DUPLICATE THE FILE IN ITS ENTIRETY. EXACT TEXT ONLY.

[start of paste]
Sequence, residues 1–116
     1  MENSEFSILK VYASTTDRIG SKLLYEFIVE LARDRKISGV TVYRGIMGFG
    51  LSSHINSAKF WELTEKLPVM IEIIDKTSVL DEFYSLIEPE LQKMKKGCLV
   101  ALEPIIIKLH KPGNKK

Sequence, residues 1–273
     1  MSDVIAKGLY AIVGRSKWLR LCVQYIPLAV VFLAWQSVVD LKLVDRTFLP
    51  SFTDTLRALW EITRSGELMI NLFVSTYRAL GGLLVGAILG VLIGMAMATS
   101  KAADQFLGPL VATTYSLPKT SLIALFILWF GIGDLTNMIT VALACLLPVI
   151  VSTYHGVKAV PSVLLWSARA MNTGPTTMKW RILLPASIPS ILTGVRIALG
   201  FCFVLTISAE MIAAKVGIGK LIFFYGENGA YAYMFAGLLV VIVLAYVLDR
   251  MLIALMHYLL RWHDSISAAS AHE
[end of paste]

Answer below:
Sequence, residues 1–116
     1  MENSEFSILK VYASTTDRIG SKLLYEFIVE LARDRKISGV TVYRGIMGFG
    51  LSSHINSAKF WELTEKLPVM IEIIDKTSVL DEFYSLIEPE LQKMKKGCLV
   101  ALEPIIIKLH KPGNKK

Sequence, residues 1–273
     1  MSDVIAKGLY AIVGRSKWLR LCVQYIPLAV VFLAWQSVVD LKLVDRTFLP
    51  SFTDTLRALW EITRSGELMI NLFVSTYRAL GGLLVGAILG VLIGMAMATS
   101  KAADQFLGPL VATTYSLPKT SLIALFILWF GIGDLTNMIT VALACLLPVI
   151  VSTYHGVKAV PSVLLWSARA MNTGPTTMKW RILLPASIPS ILTGVRIALG
   201  FCFVLTISAE MIAAKVGIGK LIFFYGENGA YAYMFAGLLV VIVLAYVLDR
   251  MLIALMHYLL RWHDSISAAS AHE